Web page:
No vendors. No forums. Just pure impact.

Let's discuss prices, shall we?

February 24, 2012 — R

Today, I came across an interesting thread in which a beginner wanted to know whether the US$ he had paid for an unused Henckels 70 1/2 with original box were too much. A perfectly valid question in my opinion, especially from someone completely new to buying razors. But one of SRP's senior moderators quashed it, stating, "You do realize that we don't allow valuations on SRP". Which made me wonder. Because if they aim at being the leading straight razor related online resource, why not use their superior knowledge to help their members to pay the right amount of money for their equipment? Why not, indeed?

Let's take a look at the exact wording in SRP's rules of conduct first: 

Solicitations, valuations, and sales are not allowed on Straight Razor Place, including the Chat, except in the Vendors and Auctions sections, and the Classifieds, under the respective rules. SRP's aims to help members in all aspects of wet shaving and straight razor techniques, it is not a marketing site. Furthermore the nature of appraisals, be they for items or services, is highly subjective.

Interestingly, the classifieds section has the following entry:

Price discussion regarding classified ads is prohibited in open comments anywhere on the site. This discussion needs to take place via personal message or email between the concerned persons.

So, no discussion there, either. 

If you consider buying any of these, you should consult a psychiatrist first.

But consider this instead. Until a few years ago, Filarmonica razors were considered decent razors with scales that can best be described as dysfunctional and fugly. But for unknown reasons, their prices increased. Dramatically. I was shocked to realise that I own a razor in excellent condition that sells for €375 these days. Granted, mine does not have the cheap cardbox, but then again, it's not got the round point but a spike. 

In short, this is madness. However, as a beginner, I could not use the leading online resource for straight razors and the vast, superior knowledge of its members and managers because... "SRP is not a marketing site"? I'm sorry, but that is a lot of complete and utter bollocks. SRP is a marketing site. It is the second most successul viral marketing site in the shaving scene. And that is not necessarily bad. Let's check a definition for viral marketing fist: 

The ultimate goal of marketers interested in creating successful viral marketing programs is to create viral messages that appeal to individuals with high social networking potential (SNP) and that have a high probability of being presented and spread by these individuals and their competitors in their communications with others in a short period of time.

The term "viral marketing" has also been used pejoratively to refer to stealth marketing campaigns—the unscrupulous use of astroturfing online combined with undermarket advertising in shopping centers to create the impression of spontaneous word of mouth enthusiasm. [Wikipedia]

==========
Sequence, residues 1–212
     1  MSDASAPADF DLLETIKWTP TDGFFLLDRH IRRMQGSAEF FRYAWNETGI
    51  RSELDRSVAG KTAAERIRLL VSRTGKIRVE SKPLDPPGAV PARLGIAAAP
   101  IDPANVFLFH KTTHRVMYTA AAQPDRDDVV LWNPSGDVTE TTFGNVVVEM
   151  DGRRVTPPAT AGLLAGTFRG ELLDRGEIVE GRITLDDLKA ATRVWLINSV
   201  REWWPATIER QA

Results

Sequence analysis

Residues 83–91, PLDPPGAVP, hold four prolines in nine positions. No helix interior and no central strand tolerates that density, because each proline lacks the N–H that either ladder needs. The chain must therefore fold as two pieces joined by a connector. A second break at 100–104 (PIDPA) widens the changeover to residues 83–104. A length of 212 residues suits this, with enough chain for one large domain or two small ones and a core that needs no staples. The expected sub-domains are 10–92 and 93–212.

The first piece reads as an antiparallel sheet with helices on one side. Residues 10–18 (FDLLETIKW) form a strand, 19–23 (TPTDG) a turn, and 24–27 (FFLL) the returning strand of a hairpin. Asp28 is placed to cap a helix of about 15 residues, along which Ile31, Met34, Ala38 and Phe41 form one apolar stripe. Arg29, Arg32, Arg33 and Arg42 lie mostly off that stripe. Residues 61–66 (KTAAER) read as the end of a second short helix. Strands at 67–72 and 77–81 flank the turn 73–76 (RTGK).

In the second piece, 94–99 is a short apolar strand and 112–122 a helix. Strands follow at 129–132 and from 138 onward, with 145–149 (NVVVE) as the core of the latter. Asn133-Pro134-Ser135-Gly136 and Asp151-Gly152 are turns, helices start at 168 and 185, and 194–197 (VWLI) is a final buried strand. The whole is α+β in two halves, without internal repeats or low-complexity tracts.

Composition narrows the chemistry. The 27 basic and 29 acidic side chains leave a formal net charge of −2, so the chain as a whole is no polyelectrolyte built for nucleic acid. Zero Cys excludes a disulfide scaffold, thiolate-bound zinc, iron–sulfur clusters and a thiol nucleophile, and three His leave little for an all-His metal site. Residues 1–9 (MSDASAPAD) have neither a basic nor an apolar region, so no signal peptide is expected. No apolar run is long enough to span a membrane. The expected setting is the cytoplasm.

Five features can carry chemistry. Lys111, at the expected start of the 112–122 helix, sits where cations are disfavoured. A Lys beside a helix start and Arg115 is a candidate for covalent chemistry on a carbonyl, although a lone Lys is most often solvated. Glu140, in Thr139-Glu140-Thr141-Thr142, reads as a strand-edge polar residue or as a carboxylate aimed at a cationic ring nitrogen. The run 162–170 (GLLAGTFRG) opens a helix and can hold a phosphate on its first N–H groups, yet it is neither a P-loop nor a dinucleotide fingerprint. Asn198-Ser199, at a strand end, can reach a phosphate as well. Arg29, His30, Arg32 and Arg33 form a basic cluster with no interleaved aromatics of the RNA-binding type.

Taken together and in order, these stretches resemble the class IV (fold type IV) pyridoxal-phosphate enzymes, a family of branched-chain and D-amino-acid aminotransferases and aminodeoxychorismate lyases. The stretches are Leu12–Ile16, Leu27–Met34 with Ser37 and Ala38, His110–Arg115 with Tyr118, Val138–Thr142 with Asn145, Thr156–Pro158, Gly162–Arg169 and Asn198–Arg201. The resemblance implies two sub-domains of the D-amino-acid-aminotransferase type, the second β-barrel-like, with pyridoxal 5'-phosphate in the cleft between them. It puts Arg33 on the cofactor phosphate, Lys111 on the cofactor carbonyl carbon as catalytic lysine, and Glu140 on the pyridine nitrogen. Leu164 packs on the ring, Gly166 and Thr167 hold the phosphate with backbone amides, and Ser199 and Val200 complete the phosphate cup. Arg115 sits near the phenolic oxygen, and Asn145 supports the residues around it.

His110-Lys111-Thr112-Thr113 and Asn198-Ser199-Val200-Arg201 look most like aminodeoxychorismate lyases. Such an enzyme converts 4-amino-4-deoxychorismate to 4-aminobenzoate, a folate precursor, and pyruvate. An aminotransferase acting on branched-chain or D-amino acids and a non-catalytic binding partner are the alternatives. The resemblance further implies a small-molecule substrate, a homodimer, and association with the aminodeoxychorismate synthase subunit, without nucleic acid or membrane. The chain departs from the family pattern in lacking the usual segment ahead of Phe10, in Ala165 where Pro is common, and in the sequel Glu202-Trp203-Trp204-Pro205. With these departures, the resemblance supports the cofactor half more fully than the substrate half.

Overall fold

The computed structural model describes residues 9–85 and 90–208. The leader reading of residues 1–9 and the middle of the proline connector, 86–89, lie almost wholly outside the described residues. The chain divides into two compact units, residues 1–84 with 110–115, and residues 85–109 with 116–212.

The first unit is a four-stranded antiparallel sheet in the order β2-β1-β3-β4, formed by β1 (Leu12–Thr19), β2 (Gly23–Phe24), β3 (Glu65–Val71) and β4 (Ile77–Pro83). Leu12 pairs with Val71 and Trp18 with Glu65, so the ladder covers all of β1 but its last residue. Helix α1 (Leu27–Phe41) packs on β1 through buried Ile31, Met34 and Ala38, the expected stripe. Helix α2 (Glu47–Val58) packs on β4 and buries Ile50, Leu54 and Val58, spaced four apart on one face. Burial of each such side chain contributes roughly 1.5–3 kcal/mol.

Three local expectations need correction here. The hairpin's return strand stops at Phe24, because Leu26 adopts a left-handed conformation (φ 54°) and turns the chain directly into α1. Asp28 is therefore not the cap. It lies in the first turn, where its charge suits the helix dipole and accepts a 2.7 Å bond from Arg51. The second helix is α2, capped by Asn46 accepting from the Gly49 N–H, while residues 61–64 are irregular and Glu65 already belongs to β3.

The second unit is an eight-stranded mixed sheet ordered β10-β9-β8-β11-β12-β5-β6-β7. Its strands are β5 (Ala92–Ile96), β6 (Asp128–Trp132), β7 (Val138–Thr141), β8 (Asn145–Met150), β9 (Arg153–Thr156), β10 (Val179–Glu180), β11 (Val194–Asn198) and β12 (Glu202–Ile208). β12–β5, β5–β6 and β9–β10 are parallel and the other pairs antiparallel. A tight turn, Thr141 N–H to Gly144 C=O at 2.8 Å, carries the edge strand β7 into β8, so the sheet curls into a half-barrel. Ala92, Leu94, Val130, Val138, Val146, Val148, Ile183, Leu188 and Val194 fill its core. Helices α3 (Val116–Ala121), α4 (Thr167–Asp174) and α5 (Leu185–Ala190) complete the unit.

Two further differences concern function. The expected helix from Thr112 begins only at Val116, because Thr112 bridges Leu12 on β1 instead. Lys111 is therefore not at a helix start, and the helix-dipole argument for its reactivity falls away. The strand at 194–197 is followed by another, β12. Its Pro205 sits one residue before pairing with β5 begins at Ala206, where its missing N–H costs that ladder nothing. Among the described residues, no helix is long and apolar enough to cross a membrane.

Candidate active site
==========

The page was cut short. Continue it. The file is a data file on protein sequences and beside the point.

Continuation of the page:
SRP has almost forty thousand users, and gazillions of threads. Without viral marketing, this would never have happened. Unlike the more sordid Badger & Blade, it has managed that with comparatively little of the negative aspects of viral marketing mentioned in the second paragraph. 

Bay warnining- MINT NOS SRD Cut Throat Straight Razor-*SHAVE READY*In short, I just don't get it. Take a look at the image to the right. The razor was bought in SRP's classifieds section, then auctioned off with a profit of about US$300. Yet I would not be allowed to discuss that price on SRP, because valuations are subjective? Yeah, right. Of course they are. Just like everything else in this hobby, valuations are subjective. The quality of shaving edges is also subjective, yet some people call themselves honemeisters. The visual appeal of custom scales is subjective. I think that most of them look as though someone had tried to turn a bowling ball into an adult toy for elderly gentlemen from the US, then changed his mind halfway between and added more garish colours instead. Others think they're adorable. Of course it's all bloody subjective. 

I would like to offer an alternative explanation instead. Imagine a discussion about - to take an arbitrary example - custom scales. What if their prices were publicly discussed. I am quite certain that some people would regret their purchases all too quickly. For unknown reasons, no-one ever bothered to analyse these scales methodically, but from what I have seen, most are amateur jobs using cheap materials (not to mention the colours, man, the colours...). Taking into account that they easily go for US$200 or more, I think a discussion of their prices is long overdue. 

That said, I still maintain that razor appraisals are useless, simply because there is no accounting for personal taste. But the reasons why the thread on SRP was killed, and why similar threads have been, and will be, killed are wrong. As is Badger & Blade's shameless use of the forum's viral marketing capabilities to push everyone they like (honi soit and all that - "kickback payment" seems as good a hypothesis as any) and systematically discredit those they don't like. 

Comments (1)

I couldn't agree more about the scales

I couldn't agree more about the scales. There are honestly only a few people who truly know how to make them. I puke every time I see a Hart or Buddel razor (plus many more but these two were on the top of my head). You'd think they'd figure out the balance and functional mechanics of scales before charging those prices.

This is something that really needs to be discussed. If most scale makers are charging similar prices, people should know who is going to deliver and who is in it to make a quick dollar. Same with all restoration and custom work.

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